Mutations of TTN, encoding the giant muscle filament titin, cause familial dilated cardiomyopathy

Research output: Contribution to journalLetter

Authors

  • B Gerull
  • M Gramlich
  • J Atherton
  • M McNabb
  • K Trombitas
  • S Sasse-Klaassen
  • JG Seidman
  • H Granzier
  • S Labeit
  • L Theirfelder

Colleges, School and Institutes

Abstract

Congestive heart failure (CHF) can result from various disease states with inadequate cardiac output. CHF due to dilated cardiomyopathy (DCM) is a familial disease in 20-30% of cases and is associated with mutations in genes encoding cytoskeletal, contractile or inner-nuclear membrane proteins. We show that mutations in the gene encoding giant-muscle filament titin (TTN) cause autosomal dominant DCM linked to chromosome 2q31 (CMD1G; MIM 604145). Titin molecules extend from sarcomeric Z-discs to M-lines, provide an extensible scaffold for the contractile machinery and are crucial for myofibrillar elasticity and integrity. In a large DCM kindred, a segregating 2-bp insertion mutation in TTN exon 326 causes a frameshift, truncating A-band titin. The truncated protein of approximately 2 mD is expressed in skeletal muscle, but western blot studies with epitope-specific anti-titin antibodies suggest that the mutant protein is truncated to a 1.14-mD subfragment by site-specific cleavage. In another large family with DCM linked to CMD1G, a TTN missense mutation (Trp930Arg) is predicted to disrupt a highly conserved hydrophobic core sequence of an immunoglobulin fold located in the Z-disc-I-band transition zone. The identification of TTN mutations in individuals with CMD1G should provide further insights into the pathogenesis of familial forms of CHF and myofibrillar titin turnover.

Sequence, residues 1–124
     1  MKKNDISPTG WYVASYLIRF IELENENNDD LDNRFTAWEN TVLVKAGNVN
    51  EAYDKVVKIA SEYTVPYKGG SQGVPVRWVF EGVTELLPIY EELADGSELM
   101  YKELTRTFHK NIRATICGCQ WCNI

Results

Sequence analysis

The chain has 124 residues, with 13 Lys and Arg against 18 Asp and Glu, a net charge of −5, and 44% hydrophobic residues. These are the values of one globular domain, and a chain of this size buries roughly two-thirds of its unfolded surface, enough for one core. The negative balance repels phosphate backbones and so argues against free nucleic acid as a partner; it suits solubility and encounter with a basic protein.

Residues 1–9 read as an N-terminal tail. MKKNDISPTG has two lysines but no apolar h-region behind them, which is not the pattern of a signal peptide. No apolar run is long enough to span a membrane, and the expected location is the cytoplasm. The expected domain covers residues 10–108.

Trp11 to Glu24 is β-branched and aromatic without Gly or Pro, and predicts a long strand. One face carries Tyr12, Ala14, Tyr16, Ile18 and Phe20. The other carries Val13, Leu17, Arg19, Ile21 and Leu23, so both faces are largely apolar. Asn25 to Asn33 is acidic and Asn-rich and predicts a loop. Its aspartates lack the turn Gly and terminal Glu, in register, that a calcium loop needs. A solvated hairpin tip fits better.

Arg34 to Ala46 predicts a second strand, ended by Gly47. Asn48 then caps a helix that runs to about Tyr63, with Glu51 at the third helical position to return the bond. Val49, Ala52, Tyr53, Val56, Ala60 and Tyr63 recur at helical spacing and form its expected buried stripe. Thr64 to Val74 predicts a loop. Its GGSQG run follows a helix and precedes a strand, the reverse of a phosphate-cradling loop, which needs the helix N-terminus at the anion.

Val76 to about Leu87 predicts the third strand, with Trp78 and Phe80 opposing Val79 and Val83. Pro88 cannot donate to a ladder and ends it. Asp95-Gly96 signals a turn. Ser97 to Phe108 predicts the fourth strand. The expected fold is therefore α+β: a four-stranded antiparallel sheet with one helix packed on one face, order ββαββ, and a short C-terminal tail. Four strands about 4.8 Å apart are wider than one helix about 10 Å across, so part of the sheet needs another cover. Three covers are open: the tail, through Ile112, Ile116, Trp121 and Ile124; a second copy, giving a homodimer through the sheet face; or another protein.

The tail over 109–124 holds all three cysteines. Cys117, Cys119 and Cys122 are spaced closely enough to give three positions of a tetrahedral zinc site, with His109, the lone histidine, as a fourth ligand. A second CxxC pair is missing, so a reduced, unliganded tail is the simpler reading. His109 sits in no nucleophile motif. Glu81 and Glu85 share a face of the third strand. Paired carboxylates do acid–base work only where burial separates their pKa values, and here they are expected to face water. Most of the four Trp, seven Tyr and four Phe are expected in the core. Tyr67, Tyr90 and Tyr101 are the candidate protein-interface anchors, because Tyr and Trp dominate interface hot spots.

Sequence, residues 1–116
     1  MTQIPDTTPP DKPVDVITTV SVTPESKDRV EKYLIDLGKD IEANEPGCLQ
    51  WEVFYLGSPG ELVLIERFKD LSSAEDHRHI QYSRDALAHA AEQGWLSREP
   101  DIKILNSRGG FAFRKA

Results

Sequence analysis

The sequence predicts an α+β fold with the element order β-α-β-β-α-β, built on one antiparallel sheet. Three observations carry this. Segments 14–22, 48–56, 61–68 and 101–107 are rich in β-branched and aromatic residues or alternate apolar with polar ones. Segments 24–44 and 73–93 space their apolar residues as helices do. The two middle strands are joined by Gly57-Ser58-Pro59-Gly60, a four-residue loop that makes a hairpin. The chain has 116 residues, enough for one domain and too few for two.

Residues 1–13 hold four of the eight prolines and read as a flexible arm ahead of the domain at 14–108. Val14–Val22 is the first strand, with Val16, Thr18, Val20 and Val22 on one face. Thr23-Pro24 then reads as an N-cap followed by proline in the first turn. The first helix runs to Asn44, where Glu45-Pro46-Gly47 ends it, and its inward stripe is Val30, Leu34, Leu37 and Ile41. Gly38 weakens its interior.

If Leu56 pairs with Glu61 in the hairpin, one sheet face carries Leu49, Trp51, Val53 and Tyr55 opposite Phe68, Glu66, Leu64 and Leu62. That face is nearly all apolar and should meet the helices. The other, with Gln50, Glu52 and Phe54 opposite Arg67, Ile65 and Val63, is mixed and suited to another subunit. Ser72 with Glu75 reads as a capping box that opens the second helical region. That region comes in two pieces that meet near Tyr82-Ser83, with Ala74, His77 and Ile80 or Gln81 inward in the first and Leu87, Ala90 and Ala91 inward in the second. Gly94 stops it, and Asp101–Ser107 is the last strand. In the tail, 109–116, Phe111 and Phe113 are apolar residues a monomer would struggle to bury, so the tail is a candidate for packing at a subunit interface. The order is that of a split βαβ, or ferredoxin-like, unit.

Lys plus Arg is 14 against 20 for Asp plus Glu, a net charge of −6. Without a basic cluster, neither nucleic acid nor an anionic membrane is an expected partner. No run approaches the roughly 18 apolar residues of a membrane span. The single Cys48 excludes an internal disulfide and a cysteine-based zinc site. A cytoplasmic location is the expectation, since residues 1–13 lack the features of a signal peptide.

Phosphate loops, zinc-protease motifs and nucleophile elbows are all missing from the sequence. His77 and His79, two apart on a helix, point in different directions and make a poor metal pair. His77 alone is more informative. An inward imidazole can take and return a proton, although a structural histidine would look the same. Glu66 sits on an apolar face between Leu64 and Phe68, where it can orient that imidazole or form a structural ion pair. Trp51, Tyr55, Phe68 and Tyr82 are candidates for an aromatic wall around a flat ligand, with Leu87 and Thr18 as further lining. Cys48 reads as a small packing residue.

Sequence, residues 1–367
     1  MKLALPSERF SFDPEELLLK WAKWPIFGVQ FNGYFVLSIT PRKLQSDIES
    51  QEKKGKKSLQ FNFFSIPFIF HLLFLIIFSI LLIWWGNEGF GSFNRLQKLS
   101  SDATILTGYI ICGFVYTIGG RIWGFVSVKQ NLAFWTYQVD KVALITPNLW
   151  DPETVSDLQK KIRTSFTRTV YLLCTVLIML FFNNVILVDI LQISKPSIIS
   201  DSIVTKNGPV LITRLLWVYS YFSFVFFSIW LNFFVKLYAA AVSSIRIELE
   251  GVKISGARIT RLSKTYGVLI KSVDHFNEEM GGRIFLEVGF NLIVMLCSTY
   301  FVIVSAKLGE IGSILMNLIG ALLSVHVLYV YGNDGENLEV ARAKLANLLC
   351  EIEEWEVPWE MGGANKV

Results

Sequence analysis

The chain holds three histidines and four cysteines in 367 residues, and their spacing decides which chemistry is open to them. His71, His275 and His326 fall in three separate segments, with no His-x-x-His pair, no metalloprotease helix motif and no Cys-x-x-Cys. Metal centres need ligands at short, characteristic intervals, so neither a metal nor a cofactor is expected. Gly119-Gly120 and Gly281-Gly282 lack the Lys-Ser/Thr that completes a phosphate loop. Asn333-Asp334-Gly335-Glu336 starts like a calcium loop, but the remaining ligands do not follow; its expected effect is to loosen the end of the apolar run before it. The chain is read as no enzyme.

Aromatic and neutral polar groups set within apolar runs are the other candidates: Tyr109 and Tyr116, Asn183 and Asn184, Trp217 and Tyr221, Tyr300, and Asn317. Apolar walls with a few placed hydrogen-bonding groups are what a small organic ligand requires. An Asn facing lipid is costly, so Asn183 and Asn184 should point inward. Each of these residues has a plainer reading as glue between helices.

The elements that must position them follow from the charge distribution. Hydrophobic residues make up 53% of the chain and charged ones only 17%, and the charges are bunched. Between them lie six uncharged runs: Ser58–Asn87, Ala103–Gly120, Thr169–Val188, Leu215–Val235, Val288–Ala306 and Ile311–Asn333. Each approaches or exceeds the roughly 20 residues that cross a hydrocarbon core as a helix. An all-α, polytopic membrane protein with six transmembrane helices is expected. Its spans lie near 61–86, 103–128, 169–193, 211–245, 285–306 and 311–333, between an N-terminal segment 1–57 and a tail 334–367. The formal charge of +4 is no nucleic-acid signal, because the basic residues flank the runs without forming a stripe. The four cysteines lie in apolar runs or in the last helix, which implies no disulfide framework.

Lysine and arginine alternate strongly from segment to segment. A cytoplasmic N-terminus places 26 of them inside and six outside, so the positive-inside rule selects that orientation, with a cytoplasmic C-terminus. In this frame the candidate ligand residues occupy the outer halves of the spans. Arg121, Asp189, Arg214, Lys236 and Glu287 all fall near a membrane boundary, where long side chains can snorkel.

Details

Original languageEnglish
Pages (from-to)201-204
Number of pages4
JournalNature Genetics
Volume30
Issue number2
Publication statusPublished - 1 Feb 2002